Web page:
Dhaka: Bangladesh has registered its objection with the UN to India`s claim over certain areas in the Bay of Bengal, three months after a similar missive was filed against Myanmar`s claim.
The three nations have not clearly demarcated their maritime boundaries and are moving the Commission on the Limits of the Continental Shelf (CLCS), a UN body to deal with the law of the seas.
The disputes require urgent solution because of the race for the hydrocarbons in the Bay of Bengal.
Dhaka had a stand-off with Myanmar in November last year and with India earlier this year when survey ships from the neighbourhood, accompanied by naval vessels, marked their presence in territory that Bangladesh claims as its own.
"We have submitted our objection to the maritime commission of the UN on Oct 29," Bangladesh`s permanent representative to the UN M.A. Momen told New Age newspaper over phone Monday.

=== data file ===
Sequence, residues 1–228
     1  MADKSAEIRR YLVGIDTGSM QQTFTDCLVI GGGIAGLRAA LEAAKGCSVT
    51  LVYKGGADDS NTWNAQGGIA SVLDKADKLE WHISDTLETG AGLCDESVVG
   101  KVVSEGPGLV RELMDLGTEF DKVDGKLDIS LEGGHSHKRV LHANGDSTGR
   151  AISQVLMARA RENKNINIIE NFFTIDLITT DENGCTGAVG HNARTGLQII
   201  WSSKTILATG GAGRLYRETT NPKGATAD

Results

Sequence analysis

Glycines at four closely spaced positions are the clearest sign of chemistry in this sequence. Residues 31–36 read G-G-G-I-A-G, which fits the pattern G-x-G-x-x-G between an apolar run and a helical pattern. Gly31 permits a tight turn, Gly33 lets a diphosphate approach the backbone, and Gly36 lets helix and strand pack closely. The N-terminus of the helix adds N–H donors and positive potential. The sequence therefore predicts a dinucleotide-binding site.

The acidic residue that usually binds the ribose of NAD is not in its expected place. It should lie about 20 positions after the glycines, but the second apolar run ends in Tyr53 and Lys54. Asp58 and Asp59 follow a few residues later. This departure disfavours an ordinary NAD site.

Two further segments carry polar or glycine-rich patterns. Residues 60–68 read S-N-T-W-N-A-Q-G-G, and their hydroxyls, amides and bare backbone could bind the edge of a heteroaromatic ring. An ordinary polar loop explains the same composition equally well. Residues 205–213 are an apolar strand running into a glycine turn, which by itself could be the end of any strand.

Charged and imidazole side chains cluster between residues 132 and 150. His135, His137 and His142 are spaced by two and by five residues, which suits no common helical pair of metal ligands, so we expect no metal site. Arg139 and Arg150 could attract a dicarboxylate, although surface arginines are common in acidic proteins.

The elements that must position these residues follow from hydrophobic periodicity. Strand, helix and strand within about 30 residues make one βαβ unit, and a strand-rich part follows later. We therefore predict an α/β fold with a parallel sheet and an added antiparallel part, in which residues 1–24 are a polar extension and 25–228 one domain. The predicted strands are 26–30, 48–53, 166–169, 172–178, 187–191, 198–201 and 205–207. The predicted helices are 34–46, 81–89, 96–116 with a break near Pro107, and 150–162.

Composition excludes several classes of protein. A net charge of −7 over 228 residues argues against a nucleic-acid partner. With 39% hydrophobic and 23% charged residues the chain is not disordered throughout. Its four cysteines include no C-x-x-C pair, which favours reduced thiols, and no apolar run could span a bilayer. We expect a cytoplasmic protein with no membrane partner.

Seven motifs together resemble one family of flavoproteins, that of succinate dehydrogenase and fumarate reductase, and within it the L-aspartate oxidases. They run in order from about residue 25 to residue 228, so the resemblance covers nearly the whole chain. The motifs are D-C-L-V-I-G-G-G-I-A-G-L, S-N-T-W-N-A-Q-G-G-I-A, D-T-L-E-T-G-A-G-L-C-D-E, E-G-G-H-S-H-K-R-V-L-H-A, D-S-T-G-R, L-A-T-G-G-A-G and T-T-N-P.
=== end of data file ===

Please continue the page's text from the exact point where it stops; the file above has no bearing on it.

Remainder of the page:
India submitted its claim on maritime boundary to the CLCS in May 2009, one month ahead of its deadline.
Bangladesh lodged its objection to Myanmar`s claim this July.
Dhaka`s disputes over territorial waters in the bay with both New Delhi and Yangon are in two areas - that of natural prolongation of the continental shelf and the baseline.
India argues that the course of the natural prolongation of continental shelf is from east to west while Bangladesh says it is from north to south.
Bangladesh and India have some overlapping claims on baselines.
According to the UN, Bangladesh must demarcate its sea boundaries by July 27, 2011, India by June 29, 2009 and Myanmar by May 21, 2009.
As per the UN provision, claims submitted by any country would not be taken for final consideration before settling the objection raised by a neighbouring country which might have overlapping claims.
Dhaka opted to go for negotiations as India and Myanmar recently opposed Bangladesh`s offshore block biddings for exploration of oil and gas.
Bangladesh has problems with India and Myanmar on the issue of `starting point` on how to mark the coastlines from the exclusive economic zone (EEZ) that has apparently overlapped claims of the three neighbouring countries due to the shape of the Bay of Bengal.